A nurse-led mobile health unit will bring “CARE” to where it is most needed | Techy Kings


Nursing Community Health Center Christine E. Lynn College of Nursing Scholarships Medically Underserved Rural Areas Health Disparities

The FAU/NCHA Community Health Center has been designated by HRSA as a Federally Qualified Health Center (FQHC). The purpose of FQHCs is to serve communities that may have financial difficulties, language barriers, geographic barriers, or other specific needs. (Photo by Alex Dolce)

Researchers at Florida Atlantic University’s Christine E. Lynn College of Nursing received a four-year, $3.9 million grant. create healthier populations in rural and underserved regions.

Mobile healthcare units have proliferated in an effort to reduce barriers to healthcare and provide a range of services from preventive to curative. Although mobile health care units are generally considered a motorized vehicle that contains equipment to provide clinical services, the Academy of Sciences has called for new strategies for health care and service delivery, as well as innovative educational methods.

FAU’s Care-Based Community-Academic Connections for Excellence (CARE): Nurse-Led Mobile Health Unit project aims to increase access to health care for rural and vulnerable populations through mobile health units staffed by an interdisciplinary team of professionals. The nurse-led mobile health unit will provide technology-enabled, culturally appropriate, evidence-based health promotion, disease prevention, primary and mental health care services in underserved communities.

The project targets underserved populations in Belle Glade and West Palm Beach, including families with children, veterans, the homeless, women and children in the foster care of domestic violence, and youth who have aged out of the foster care system, which are the most at-risk populations. due to health disparities and low literacy.

FAU’s Christine E. Lynn College of Nursing will work with the nurse-led FAU/Northwest Community Health Alliance Community Health Center (FAU/NCHA Community Health Center) to implement this new approach to deliver these services where they are needed most. The FAU/NCHA Community Health Center has been designated by HRSA as a Federally Qualified Health Center (FQHC). The purpose of FQHCs is to serve communities that may have financial difficulties, language barriers, geographic barriers, or other specific needs. FAU’s nursing faculty will direct undergraduate and graduate nursing students who will pursue a program in disease prevention, health promotion, primary care and mental health services.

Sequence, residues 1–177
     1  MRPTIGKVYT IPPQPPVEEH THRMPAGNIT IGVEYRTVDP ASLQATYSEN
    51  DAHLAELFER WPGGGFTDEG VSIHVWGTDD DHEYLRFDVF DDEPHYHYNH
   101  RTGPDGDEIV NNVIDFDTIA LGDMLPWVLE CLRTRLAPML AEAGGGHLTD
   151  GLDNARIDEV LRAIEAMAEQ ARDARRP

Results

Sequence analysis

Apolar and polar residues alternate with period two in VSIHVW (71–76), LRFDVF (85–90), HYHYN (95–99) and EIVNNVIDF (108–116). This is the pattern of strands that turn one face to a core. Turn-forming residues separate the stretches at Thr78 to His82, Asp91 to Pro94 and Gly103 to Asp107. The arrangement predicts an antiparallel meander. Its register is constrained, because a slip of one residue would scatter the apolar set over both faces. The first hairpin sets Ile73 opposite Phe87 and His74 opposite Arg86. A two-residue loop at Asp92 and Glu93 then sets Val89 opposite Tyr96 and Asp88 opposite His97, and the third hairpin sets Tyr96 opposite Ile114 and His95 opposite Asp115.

Other community partners for the project include West Palm Beach Veterans Affairs Medical Center/Fresh Truck, The Salvation Army Palm Beach County, Vita Nova, YWCA Palm Beach County and Glades Area Ministerial Association.

The grant project director is Beth King, Ph.D., associate professor in the Christine E. Lynn College of Nursing and coordinator of the Psychiatric Mental Health Nursing Concentration. Karethy Edwards, Dr.PH, professor and dean of academic programs and executive director of the FAU/NCHA Center for Community Health, will serve as director of clinical services for the mobile health department. Karen Chambers, DNP, associate professor and family nurse practitioner, will serve as project coordinator/clinician.

“In line with HRSA’s priorities in mental health and reproductive health, family planning, and teen pregnancy initiatives, our innovative educational care community-academic relationship project, which we call the CARE Model, has the ultimate goal of creating healthier rural communities.” and medically underserved populations,” King said. “We are excited to work with our exceptional community partners to realize HRSA’s goal of increasing and strengthening a diverse and culturally competent nursing workforce to eliminate health care disparities in these communities.”

The project team will recruit, fund, and train Bachelor of Science in Nursing (BSN) and BSN-DNP (Doctor of Nursing Practice) pre-practice students from diverse backgrounds to provide care to rural and medically underserved communities. FAU will collaborate with its new and existing community partners to address health equity issues through academic service learning projects for nursing students, long-term clinical experiences through a mobile health unit, and mentorship.

Undergraduate and graduate students in the program will provide primary care and mental health services and be admitted by board-certified psychiatric-mental health nurses, family practice nurses, or adult gerontology nurses, with the assistance of collaborating physicians via telehealth as needed. Undergraduate nursing students will be mentored by an RN coordinator on a mobile health unit, demonstrating evidence-based practice and culturally appropriate care.

“Instead of relying on our medically underserved patients to come to our FAU/NCHA Community Health Center for their health care needs, we will now be able to reach them with this important HRSA grant,” said Safiya George, Ph.D. Dean, FAU Christine E. Lynn College of Nursing. “Importantly, by bringing a mobile health unit to rural and underserved communities in our region, our CARE nursing students will have the opportunity to experience first-hand the impact of social determinants of health.”

This program is supported by the Health Resources and Services Administration (HRSA) of the US Department of Health and Human Services (HHS) with an award of $976,127.00, 0 percent funded from non-governmental sources in the first year of the grant. The content is that of the author(s) and does not necessarily reflect the official opinion or endorsement of HRSA, HHS, or the US government. For more information, visit HRSA.gov.



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